In this lesson plan, adaptable for grades 3-12, students watch the BrainPOP movie Forces to learn about what force is and how forces, such as gravity, friction, and air resistance, affect movement. Then students apply their understanding of forces and motion by conducting an experiment in which they drop eggs with different-sized parachutes and predict the results. Students share their outcomes with the class.

### Students will:

1. Brainstorm what they know about force.
2. Use the Make-a-Map tool to identify how force affects movement.
3. Conduct an experiment to test how air resistance slows a falling object and share their outcomes.

### Vocabulary:

magnitude, vector, friction, velocity, acceleration, gravity

### Preparation:

• Preview the movie Forces to plan for adaptations.
• If lesson time is limited, cut out three squares (10”x10”, 20”x20”, and 30”x30”) from the trash bags for each small group.
• Print out Cause and Effect graphic organizer (one per student)

### Lesson Procedure:

1. Ask students what they think causes things to move. They should recognize that force causes things to move. Younger students may not know this term, so you can explain that force is a push or a pull that affects an object’s motion. You can even demonstrate by pulling or pushing something.
2. Display the Cause and Effect graphic organizer on the whiteboard. Ask students what causes motion to speed up. Write “speed up” in the first effect box on the upper right side. Write students responses in the first cause box on the upper left side. These may include gravity and acceleration or words to describe these concepts. Now ask what causes movement to slow down. Write “slow down” in the lower effect box. Write responses in the cause box. These may include friction, drag, and air resistance or other words that describe these concepts.
3. Tell students that today they will watch a movie that explores the concept of force and how it affects motion. Explain that using what they learn, they will work in small groups to conduct an experiment about air resistance, a type of force.
4. Show the movie Forces on the whiteboard to the whole class once through without pausing.
5. Next, if you have access to multiple computers, divide the class into pairs and have them open the Make-a-Map feature on individual computers. (Note: If limited access to computers, pairs can do this step offline using the Fishbone Graphic Organizer).
6. Pairs watch the movie again within the Make-a-Map feature. As they watch, tell them to create concept maps identifying how force affects movement, pausing the movie as needed. Remind them that they can incorporate clips from the movie into their maps. When they are done, have each pair share their maps with another pair to ensure that they captured all the information.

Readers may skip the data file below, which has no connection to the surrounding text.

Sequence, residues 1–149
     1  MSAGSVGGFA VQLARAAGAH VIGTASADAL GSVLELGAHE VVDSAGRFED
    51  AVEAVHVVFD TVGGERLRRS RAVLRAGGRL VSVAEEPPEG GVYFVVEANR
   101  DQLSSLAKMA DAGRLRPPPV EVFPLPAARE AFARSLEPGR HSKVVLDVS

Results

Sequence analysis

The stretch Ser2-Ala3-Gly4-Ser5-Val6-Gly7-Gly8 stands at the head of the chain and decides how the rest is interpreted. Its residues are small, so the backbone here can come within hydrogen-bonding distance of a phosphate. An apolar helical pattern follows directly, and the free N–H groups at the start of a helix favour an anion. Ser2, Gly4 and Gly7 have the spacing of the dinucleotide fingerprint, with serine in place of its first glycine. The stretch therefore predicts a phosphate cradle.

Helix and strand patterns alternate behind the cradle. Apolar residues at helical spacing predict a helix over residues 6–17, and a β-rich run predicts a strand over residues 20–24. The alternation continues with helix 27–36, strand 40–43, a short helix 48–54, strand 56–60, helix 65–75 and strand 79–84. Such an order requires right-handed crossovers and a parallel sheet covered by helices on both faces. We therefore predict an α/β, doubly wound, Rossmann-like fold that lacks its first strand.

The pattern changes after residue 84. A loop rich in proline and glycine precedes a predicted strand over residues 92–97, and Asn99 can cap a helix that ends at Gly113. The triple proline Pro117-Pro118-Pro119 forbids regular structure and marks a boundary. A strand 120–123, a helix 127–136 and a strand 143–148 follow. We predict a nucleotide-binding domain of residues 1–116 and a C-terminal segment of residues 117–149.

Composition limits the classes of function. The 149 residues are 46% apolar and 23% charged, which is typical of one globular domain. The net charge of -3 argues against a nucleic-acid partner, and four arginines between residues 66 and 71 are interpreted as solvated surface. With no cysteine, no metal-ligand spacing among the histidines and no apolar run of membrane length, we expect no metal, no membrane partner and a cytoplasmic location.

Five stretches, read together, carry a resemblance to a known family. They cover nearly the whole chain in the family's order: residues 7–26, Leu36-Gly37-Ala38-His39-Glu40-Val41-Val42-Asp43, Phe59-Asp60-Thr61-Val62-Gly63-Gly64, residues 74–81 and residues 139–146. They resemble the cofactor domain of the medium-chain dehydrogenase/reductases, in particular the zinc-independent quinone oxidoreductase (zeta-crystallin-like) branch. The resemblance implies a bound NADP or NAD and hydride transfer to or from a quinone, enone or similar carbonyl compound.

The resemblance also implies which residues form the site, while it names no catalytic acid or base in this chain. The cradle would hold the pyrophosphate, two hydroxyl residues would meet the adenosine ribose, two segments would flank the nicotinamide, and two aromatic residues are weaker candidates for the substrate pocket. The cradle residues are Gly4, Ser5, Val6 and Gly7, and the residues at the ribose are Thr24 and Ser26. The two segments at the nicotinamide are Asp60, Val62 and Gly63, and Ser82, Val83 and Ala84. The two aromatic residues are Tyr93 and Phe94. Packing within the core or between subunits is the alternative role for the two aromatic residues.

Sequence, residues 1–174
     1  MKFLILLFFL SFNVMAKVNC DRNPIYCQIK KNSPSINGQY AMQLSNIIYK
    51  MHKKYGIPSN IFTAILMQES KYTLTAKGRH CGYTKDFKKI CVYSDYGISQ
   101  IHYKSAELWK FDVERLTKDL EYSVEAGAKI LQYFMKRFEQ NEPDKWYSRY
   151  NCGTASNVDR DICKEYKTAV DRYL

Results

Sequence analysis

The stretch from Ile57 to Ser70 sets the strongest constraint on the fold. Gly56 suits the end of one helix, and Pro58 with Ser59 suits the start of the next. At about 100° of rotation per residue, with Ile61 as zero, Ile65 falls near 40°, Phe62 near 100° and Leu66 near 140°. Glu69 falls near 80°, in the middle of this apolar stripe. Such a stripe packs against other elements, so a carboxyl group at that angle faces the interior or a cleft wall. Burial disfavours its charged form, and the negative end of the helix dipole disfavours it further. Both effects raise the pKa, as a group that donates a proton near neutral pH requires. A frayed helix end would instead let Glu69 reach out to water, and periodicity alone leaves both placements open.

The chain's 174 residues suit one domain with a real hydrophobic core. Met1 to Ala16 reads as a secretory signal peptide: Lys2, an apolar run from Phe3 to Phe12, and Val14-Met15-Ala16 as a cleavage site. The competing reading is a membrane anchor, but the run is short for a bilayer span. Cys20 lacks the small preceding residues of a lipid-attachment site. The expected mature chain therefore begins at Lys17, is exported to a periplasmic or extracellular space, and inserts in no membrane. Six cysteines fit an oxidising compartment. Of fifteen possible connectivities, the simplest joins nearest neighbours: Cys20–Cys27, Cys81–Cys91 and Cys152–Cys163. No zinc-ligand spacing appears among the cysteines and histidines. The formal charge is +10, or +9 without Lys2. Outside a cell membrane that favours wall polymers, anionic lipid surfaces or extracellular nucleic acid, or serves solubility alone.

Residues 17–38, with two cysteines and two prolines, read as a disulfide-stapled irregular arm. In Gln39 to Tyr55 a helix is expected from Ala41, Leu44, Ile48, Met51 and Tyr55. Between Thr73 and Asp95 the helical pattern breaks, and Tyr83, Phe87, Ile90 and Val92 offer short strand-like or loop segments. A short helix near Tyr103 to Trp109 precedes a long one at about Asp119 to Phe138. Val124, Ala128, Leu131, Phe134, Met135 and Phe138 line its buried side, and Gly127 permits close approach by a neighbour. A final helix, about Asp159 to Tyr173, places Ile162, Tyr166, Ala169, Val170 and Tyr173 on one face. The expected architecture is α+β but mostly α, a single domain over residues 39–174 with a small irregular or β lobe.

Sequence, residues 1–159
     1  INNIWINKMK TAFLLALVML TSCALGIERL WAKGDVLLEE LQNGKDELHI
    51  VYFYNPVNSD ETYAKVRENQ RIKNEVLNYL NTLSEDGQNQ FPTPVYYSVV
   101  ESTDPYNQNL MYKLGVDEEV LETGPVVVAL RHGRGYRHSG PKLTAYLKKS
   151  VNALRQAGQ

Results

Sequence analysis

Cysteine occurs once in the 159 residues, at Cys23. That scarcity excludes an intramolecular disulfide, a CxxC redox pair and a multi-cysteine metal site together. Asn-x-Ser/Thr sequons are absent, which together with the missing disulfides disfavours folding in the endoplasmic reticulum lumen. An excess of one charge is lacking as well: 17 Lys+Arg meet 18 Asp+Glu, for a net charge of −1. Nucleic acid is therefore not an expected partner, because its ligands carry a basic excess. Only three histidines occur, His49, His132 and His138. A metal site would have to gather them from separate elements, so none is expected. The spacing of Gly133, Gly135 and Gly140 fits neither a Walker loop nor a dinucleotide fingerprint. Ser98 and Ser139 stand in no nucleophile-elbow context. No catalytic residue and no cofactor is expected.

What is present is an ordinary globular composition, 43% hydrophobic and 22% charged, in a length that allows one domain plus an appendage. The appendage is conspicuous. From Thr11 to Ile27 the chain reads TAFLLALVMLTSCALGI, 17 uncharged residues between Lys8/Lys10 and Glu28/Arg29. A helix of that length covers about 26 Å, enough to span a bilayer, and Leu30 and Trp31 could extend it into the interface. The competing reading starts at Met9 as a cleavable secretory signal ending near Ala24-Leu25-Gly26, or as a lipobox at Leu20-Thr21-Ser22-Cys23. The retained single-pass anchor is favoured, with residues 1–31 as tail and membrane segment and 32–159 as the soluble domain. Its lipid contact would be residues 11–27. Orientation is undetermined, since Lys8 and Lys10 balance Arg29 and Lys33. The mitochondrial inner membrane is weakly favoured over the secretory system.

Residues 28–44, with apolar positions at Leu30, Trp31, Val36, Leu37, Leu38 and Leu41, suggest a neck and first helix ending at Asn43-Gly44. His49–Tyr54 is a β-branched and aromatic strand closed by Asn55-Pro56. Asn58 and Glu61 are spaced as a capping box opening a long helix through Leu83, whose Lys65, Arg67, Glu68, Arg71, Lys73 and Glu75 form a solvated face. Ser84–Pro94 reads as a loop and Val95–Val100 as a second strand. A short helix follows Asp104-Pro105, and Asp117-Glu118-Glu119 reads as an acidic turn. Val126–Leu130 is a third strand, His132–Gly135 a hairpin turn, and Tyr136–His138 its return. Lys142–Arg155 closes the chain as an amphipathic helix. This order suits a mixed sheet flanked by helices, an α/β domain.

7. Have each pair team up with another pair to conduct an air resistance egg drop experiment. Provide each group with a trash bag (or squares if you’ve cut them in advance), scissors, a ruler, three eggs, and three plastic bags. If you’ve not pre-cut the squares, have groups cut out different sized squares from the trash bag: 10”x10”, 20”x20”, and 30”x30”.
8. Instruct the groups make three parachutes by tying a piece of string to the corners of each square and tying the other ends of the strings to a sandwich bag. Have them put one egg in each bag.
9. Have students predict which egg has the greatest chance of landing from a 10 foot drop without breaking. Have students explain why they believe this.
10. Now have groups test their predictions by dropping each egg parachute a distance of 10 feet from the floor. After groups have dropped all three of their parachutes, have groups discuss what happened. Ask them what forces were at work and how they affected the parachutes’ motion. Have them contrast the largest parachute from the smaller ones.
11. Listen in as students discuss their experiments. Make sure that they recognize that gravity was the force that pulled the egg parachutes down causing them to accelerate, and air resistance was the force opposing gravity. They should know from the movie that when the air resistance equaled the gravity it caused the parachutes stopped accelerating and continue falling at a constant velocity.
12. Bring groups together. Have each group share their results, including their prediction. They will discover that the bigger the parachute the more air resistance it creates causing it slow down earlier.

### Extension Activities:

Watch footage of a roller coaster and answer the questions about the forces at work in this Primary Source activity. Complete the Force Worksheet about acceleration and overall motion.
Filed as:  3-5, 6-8, 9-12, Acceleration, CCSS.ELA-Literacy.RI.4.10, CCSS.ELA-Literacy.RI.4.3, CCSS.ELA-Literacy.RI.4.7, CCSS.ELA-Literacy.RI.5.10, CCSS.ELA-Literacy.RI.5.3, CCSS.ELA-Literacy.RST.6-8.4